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On 10 May 2012 08:43, Sai <[log in to unmask]> wrote:

>
> ObCL: Anyone use some kind of person / pronoun / etc system that
> permits this kind of first person singular by proxy?
>
>
Not ObCL, but ObNL, I've noticed something like that happening in Modern
Greek.

In Modern Greek, there is no specific causative construction. Rather, one
simply uses a periphrasis like _Κάνω να κάποιος κάνει κάτι_: "I make that
someone does something" or _Κάνω κάποιον να κάνει κάτι_: "I make someone
that (they) do something". For instance: _Κάνω τους φίλους μου να βάψουν
τους τίχους του δοματίου μου_: "I make my friends paint the walls of my
room".
However, when the actual actor isn't mentioned, in Modern Greek this
causative construction isn't normally used, i.e. you don't normally say:
_Κάνω να βάψουν τους τίχους του δοματίου μου_: "I have the walls of my room
painted". It's not wrong, but it's just not used. You don't use a passive
construction either, although that would in principle not be incorrect
either. Rather, the causative construction is omitted altogether, and the
speaker just says that *they* are painting the house, even if they are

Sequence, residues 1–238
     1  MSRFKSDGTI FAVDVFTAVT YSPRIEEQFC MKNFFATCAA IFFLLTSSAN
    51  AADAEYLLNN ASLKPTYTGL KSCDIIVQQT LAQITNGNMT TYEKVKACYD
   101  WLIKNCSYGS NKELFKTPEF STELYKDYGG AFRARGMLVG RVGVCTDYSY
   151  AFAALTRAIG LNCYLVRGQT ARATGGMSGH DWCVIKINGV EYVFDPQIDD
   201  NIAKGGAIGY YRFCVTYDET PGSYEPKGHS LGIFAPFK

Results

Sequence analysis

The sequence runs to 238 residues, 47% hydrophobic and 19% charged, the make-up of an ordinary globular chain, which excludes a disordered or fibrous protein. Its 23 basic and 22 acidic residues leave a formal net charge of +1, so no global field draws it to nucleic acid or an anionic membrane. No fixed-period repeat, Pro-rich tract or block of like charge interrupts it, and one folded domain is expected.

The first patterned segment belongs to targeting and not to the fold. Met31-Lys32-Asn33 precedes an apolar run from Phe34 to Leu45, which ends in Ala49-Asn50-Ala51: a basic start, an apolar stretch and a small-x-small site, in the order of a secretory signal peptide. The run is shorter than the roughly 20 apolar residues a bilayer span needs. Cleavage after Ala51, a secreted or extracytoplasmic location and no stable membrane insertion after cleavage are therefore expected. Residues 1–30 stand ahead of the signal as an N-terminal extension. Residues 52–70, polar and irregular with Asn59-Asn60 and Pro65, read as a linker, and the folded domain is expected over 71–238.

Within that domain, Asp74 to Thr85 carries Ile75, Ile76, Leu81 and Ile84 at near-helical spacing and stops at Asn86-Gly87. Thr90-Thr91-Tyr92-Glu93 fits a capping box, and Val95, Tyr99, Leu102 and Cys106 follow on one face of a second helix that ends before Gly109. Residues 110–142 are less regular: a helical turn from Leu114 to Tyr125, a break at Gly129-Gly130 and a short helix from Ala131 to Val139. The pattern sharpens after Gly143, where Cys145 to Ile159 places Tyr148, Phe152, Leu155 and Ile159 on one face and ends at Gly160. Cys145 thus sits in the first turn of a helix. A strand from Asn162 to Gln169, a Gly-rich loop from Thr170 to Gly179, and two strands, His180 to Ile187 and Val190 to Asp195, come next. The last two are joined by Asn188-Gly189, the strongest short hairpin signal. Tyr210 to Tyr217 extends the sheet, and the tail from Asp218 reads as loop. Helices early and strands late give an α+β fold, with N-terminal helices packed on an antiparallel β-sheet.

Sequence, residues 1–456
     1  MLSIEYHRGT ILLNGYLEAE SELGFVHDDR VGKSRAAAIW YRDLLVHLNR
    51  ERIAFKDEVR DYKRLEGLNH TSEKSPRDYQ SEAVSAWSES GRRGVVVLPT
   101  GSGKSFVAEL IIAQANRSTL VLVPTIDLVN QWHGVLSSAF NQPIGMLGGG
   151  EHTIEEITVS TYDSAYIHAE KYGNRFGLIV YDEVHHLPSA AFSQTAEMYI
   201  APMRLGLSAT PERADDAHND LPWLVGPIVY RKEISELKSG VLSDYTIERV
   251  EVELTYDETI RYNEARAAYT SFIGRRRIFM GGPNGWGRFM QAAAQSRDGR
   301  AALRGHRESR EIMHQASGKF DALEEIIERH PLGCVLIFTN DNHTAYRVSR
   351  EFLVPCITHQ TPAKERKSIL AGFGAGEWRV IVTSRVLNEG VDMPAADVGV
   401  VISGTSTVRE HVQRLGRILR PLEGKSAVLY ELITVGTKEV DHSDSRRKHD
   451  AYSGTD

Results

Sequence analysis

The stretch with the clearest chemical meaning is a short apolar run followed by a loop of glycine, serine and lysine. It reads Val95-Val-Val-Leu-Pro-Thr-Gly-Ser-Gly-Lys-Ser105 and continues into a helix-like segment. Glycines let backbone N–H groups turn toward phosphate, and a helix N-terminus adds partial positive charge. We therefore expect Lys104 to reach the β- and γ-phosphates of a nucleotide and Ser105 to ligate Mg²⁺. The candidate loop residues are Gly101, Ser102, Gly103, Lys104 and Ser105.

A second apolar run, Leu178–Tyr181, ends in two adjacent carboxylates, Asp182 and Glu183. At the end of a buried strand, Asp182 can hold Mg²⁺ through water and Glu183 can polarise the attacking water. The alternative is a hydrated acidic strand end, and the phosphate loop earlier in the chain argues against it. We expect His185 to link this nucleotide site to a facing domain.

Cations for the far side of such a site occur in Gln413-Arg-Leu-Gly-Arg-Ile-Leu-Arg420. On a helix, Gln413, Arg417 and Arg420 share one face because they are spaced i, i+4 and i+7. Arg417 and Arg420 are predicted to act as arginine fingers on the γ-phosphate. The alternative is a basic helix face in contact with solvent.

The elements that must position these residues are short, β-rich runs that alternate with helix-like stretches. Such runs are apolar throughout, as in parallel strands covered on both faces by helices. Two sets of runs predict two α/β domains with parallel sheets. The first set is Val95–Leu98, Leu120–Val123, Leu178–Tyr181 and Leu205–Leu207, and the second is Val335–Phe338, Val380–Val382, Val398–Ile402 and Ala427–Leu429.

actually having it done by someone else. In other words, the sentence:
_Βάφω τους τίχους του δοματίου μου_ can mean both "I paint the walls of my
room" or "I have the walls of my room painted (by someone unmentioned)".
This does look like the "first personal singular by proxy" that you talked
about, doesn't it?

I don't know how common this construction is, but I know that the Modern
Greek course I took specifically talked about this possibility, and the
need to recognise it (i.e. to understand that when a Greek person says "I
will do", they might actually mean "I will have something done", and you
cannot infer that they will do it themselves), so I take it it's not that
rare :) .
-- 
Christophe Grandsire-Koevoets.

http://christophoronomicon.blogspot.com/
http://www.christophoronomicon.nl/